A Shoe Box Filled With Baseball Cards
MICHELE NORRIS, host:
This is ALL THINGS CONSIDERED from NPR News. I'm Michele Norris.
MELISSA BLOCK, host:
And I'm Melissa Block with a story now of serendipity. It started when two neighbors passed on a Brooklyn street. The upstairs neighbor's brother had just died, leaving behind a big collection of baseball cards. The downstairs neighbor is a baseball fan. No great fortune or undiscovered treasure hung in the balance, just a small but meaningful connection across time.
NPR's Mike Pesca shares this page from his reporter's notebook.
MIKE PESCA: Jason Fry's upstairs neighbor said: You're a baseball fan, right? It's like asking Herman Melville: Aren't you interested in whales? Frey runs a blog devoted to the New York Mets called Faith and Fear in Flushing. He's a baseball obsessive. So when his neighbor said, my brother passed away and left behind some memorabilia, Fry answered:
Mr. JASON FRY (Blogger, Faith and Fear in Flushing): Well, I can help you with that.
PESCA: So the neighbor gave Fry programs, yearbooks and, of course, that classic repository of three-and-a-half-by-two-and-a-half-inch heroes.
Mr. FRY: They were honest to goodness shoeboxes. They were, you know, this kind of ancient Thom McAn shoebox, and I noted idly, as I put them on my dining room table, that they were nine and a halfs, which meant they wouldve fit me.
PESCA: He immediately recognized the years of the baseball cards he unpacked, the near oil portraits from 1970 through the wild colors of the '75s.
Fry knew little about his neighbor's brother, but he knew that he died at age 49. That would make him nine when he first began collecting, and the oldest cards in the box were cards that a nine-year-old had handled often. With each subsequent year, the cards got sharper and treated less like toys. Fry understood.
Mr. FRY: The reason it kind of registered in my brain was that, you know, I collected cards when I was a kid for the exact same number of years, not the exact years because I was younger, but the same number. And my cards showed the exact same pattern. My '76s are almost round. They're in horrible shape. And the last year I collected was '81, and those cards are almost untouched.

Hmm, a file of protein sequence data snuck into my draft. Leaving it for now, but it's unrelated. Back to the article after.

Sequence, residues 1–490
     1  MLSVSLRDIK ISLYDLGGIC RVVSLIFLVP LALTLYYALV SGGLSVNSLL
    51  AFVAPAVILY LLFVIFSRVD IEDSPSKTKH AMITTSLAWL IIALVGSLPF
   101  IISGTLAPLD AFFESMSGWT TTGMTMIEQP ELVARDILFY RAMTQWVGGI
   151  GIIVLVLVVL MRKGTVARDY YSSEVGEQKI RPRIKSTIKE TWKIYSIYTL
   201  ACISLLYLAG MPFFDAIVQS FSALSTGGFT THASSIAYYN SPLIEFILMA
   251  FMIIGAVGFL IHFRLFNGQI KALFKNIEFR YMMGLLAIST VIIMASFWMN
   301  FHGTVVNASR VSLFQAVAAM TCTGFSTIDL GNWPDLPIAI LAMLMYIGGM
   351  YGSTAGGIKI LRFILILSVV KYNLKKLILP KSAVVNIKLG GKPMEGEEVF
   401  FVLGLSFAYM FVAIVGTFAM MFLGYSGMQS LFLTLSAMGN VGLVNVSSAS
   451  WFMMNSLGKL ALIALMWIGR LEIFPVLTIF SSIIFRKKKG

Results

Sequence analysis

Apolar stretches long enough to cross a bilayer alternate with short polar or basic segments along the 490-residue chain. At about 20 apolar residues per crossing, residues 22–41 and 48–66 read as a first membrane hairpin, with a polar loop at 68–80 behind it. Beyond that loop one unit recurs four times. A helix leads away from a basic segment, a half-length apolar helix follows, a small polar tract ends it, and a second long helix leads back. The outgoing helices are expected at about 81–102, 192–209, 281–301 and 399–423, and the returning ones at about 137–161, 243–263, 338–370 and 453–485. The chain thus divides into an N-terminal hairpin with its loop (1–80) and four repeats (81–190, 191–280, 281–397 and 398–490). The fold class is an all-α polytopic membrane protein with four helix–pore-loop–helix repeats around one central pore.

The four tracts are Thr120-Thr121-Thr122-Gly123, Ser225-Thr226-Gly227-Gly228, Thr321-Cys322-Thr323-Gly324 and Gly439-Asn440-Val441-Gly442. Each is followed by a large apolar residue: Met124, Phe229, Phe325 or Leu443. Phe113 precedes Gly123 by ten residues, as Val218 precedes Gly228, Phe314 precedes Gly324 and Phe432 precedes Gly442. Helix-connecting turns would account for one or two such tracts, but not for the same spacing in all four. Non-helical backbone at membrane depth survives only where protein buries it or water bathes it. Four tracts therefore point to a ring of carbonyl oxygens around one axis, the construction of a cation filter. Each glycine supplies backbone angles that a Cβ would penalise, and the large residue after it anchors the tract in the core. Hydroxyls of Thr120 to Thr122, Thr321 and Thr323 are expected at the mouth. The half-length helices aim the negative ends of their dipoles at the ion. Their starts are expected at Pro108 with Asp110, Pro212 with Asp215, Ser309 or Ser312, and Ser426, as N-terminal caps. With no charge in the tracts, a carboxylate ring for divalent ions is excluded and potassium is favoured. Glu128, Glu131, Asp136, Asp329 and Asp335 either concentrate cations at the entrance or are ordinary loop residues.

PESCA: The hobby had been outgrown. Fry kept sorting the cards, and eventually, he came across a clump of cards that for some reason stood out.
Mr. FRY: Bob Aspromonte of the Braves, Larry Stahl of the Padres, Calvin Kuntz(ph) of the Mets, Ron Herbel of the Padres.
PESCA: Though seemingly random, Fry realized there was a theme: All of those players were one-time Mets, really obscure Mets.
Mr. FRY: It was just dumb luck that one really insane Mets fan had put that cluster together and forgotten about it for three and a half decades, and it was found by another really insane Mets fan. You know, it was almost being able to read a note from somebody across, you know, 30 years, 40 years that, you know, was in a language that very few people understood.
PESCA: Did you get the feeling, one of these, oh, I wish I had a chance to have a conversation with this guy?
Mr. FRY: Yeah, I did. I really wish I had. But, you know, in a way, we were kind of having a conversation.
PESCA: Fry catalogued and noted the prices the cards might sell for. This isn't an O'Keeffe painting at a garage sale story. Maybe the cards can fetch a few hundred dollars. But Fry's neighbor instructed to give the memorabilia away from the start. He'd hoped that Fry could place the pieces of fans of particular teams or players.
Mr. FRY: He was in a situation that I think a lot of us have been in, that he had a bunch of things that he knew weren't necessarily valuable but would be really loved by someone, but he didn't have any way of connecting with those people.
PESCA: There are price guides that tell you how much a baseball card might sell for, but price is a little different from value. No other physical object survives childhood like a baseball card. Old bicycles are tossed to make room in a garage, plush toys lose their stuffing. A baseball card is dually evocative of the player it depicts and the child who once held it.
Jason Fry touched his neighbor's brother's baseball cards for a little while and got to know, in a small way, a man he could never meet.
Mike Pesca, NPR News, New York.
NPR transcripts are created on a rush deadline by Verb8tm, Inc., an NPR contractor, and produced using a proprietary transcription process developed with NPR. This text may not be in its final form and may be updated or revised in the future. Accuracy and availability may vary. The authoritative record of NPR’s programming is the audio record.